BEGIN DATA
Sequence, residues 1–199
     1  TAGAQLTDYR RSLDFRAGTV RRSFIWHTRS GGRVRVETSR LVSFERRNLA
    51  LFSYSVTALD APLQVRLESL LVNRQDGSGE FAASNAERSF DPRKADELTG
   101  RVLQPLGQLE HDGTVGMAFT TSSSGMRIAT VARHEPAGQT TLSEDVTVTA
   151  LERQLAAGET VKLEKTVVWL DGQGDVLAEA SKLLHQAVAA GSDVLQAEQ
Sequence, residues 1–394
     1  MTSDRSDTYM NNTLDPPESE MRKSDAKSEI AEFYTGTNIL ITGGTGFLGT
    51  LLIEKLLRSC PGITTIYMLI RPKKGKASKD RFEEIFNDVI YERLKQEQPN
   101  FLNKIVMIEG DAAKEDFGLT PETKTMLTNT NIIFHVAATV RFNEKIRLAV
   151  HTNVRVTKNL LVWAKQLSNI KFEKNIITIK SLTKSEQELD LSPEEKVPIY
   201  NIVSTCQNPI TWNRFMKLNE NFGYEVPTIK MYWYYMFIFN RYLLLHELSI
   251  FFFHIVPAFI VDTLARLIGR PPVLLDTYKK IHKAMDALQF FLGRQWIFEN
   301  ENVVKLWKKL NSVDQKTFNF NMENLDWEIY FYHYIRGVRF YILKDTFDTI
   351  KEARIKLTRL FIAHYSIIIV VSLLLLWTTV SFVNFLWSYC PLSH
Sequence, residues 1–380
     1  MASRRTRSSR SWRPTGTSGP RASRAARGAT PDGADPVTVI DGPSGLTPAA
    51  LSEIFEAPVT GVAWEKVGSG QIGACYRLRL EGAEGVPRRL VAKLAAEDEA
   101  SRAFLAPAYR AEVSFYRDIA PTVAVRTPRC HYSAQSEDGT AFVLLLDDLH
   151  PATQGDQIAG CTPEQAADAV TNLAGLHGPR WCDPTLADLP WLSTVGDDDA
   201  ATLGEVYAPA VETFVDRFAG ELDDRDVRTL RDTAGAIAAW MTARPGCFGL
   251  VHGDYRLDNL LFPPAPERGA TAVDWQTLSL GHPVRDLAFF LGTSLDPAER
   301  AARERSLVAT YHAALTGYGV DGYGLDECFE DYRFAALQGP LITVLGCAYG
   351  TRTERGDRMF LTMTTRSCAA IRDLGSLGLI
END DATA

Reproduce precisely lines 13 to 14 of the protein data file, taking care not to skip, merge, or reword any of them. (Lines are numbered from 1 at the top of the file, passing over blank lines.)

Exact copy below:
   301  ENVVKLWKKL NSVDQKTFNF NMENLDWEIY FYHYIRGVRF YILKDTFDTI
   351  KEARIKLTRL FIAHYSIIIV VSLLLLWTTV SFVNFLWSYC PLSH